A Small Good Thing

Last Licks

The 74-year-old Dairy Queen chain of soft-serve frozen treat outlets is finally opening in the Big Apple in late May


Life doesn’t get more exciting than this: DQ is coming to Manhattan.

Yes, that’s right, the 74-year-old Dairy Queen chain of soft-serve frozen treat outlets is finally opening in the Big Apple in late May. Now I’ll just be an easy subway ride away from cold tongue and sticky finger heaven.

The announcement, made late last month, thrilled anyone (and that’s pretty much everyone) who ever licked their way through a Dairy Queen cone or other “Scrumpdillyishus!” treat — yes, the phrase was trademarked by DQ back in 1973 — on a hazy, humid summer night.

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The new Manhattan DQ, located just off Fifth Avenue on W. 14th St., will be two stories high and offer seating for more than 100 soft serve-loving customers. (A DQ opened in New York City a year ago, but it’s on Staten Island, a long and inconvenient ferry ride away.)

What the DQ press release doesn’t say, and this is key, is whether there will be any outdoor seating. For the optimum summer DQ experience, a cone or other frozen delicacy has to be consumed outdoors, in the heat, preferably while sitting on an old, wooden picnic table into which way too many teenagers have carved their initials.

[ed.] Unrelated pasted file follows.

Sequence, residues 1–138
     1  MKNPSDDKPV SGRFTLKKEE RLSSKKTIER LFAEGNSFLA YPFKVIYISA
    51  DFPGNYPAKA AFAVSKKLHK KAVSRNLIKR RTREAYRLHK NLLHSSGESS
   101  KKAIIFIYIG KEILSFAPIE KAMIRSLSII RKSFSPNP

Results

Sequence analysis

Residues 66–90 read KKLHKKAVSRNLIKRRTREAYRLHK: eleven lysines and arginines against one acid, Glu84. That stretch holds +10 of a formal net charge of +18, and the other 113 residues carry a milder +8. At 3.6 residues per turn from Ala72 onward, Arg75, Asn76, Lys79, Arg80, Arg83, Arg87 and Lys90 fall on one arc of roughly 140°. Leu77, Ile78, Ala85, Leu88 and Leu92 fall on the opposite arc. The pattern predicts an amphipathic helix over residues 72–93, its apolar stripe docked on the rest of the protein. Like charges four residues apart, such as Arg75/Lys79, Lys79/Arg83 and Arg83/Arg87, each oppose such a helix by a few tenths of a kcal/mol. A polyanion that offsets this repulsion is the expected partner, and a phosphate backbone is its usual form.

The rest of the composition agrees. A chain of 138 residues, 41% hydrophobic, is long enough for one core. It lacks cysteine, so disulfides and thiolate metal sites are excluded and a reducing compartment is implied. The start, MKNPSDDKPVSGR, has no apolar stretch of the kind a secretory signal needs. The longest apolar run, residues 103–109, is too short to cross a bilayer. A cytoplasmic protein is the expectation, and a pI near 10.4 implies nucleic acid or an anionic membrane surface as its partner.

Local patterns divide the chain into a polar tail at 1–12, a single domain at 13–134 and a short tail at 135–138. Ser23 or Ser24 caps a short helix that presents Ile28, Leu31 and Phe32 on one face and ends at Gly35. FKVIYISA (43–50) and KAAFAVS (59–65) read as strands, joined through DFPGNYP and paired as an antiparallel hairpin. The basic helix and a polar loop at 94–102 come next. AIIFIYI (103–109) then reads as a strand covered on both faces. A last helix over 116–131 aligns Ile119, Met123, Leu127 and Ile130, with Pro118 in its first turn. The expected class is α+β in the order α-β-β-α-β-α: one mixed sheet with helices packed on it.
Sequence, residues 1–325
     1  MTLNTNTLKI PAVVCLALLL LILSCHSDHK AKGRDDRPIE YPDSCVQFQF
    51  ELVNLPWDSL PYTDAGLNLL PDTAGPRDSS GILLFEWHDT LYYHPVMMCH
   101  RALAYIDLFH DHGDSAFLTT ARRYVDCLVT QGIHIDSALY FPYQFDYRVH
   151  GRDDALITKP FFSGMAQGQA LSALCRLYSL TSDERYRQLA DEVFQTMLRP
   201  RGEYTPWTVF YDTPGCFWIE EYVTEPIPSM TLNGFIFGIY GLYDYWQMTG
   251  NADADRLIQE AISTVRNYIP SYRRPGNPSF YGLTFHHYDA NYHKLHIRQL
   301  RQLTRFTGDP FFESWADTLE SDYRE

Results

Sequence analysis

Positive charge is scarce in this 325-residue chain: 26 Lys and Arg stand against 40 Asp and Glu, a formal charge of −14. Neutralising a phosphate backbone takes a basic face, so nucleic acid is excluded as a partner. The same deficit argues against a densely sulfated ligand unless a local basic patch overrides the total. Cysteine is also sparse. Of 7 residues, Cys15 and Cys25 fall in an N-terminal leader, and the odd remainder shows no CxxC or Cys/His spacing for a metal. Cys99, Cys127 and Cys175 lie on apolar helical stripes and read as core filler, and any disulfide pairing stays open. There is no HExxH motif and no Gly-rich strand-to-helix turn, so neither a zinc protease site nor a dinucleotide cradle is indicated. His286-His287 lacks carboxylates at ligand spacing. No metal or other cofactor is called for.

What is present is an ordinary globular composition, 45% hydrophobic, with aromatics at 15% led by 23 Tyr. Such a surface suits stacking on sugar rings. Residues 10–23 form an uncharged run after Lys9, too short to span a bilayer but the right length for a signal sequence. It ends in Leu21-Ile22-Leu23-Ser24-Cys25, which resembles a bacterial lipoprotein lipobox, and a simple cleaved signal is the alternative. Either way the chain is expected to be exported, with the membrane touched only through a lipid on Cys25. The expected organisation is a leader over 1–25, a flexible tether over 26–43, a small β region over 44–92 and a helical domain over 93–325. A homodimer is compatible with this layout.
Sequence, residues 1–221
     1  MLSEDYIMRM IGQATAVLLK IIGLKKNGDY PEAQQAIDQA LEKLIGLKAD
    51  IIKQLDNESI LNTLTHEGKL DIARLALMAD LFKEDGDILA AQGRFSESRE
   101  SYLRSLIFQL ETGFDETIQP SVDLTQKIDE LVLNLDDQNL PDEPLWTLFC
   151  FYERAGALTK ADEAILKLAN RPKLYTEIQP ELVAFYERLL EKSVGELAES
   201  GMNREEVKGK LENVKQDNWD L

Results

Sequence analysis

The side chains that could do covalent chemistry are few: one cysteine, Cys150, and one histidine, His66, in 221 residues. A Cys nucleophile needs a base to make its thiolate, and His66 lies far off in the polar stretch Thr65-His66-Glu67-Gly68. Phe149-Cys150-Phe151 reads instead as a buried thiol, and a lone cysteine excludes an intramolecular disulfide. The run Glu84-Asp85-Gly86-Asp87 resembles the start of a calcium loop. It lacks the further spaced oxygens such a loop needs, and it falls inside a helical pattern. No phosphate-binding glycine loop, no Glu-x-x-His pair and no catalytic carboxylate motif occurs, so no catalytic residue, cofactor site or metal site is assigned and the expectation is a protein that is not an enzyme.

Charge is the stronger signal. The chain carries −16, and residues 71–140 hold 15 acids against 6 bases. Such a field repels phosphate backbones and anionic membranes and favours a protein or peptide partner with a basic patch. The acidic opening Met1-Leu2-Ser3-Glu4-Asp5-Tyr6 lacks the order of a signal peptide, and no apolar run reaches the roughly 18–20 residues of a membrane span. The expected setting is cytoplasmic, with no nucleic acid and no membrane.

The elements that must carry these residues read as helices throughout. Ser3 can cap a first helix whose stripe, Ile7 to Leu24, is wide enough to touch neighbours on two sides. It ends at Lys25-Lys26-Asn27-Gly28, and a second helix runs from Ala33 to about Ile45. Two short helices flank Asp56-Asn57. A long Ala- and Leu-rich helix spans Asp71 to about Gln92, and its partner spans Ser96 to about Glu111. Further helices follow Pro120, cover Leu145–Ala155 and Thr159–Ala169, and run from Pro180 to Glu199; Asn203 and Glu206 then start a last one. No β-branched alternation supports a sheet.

I speak from experience. When I was a kid growing up in central Pennsylvania, ice cream was a near nightly ritual in the summer. We’d either eat it at home for dessert after dinner at the picnic table in our backyard — you’d stir and stir and stir the ice cream in the bowl until it turned to soup — or all six kids and my parents would pile into the station wagon and drive to a nearby DQ or other soft-serve ice cream stand for a cone.


Then there was the summer that we were building our new house in the next town over. Every evening, after dinner, we’d drive out to the construction site, where my parents would check on the progress of the house while we kids reveled in sliding down the huge pile of dirt left over from the digging of the foundation. (I’d like to apologize here and now to my mother for all the laundry she had to do that summer.) Afterwards, on our way home, we’d always stop at John’s, a local farm stand and convenience store, and every kid would get a cone or an ice cream sandwich and then we’d eat them in the car in the parking lot with all the windows open.

Here’s the strange part: I don’t really much like ice cream these days. Sure, I’ll have a gelato when I’m in Italy but that’s about it. Now that I’m an adult, ice cream is too sweet for my taste buds and the calories aren’t worth it.

But that won’t keep me from taking every child and adolescent I know to the new DQ when it opens in Manhattan. As Gertrude Stein once almost said, “A cone is a cone is a cone,” and there’s nothing better than watching a kid getting in their first licks.

Tags: memoirs

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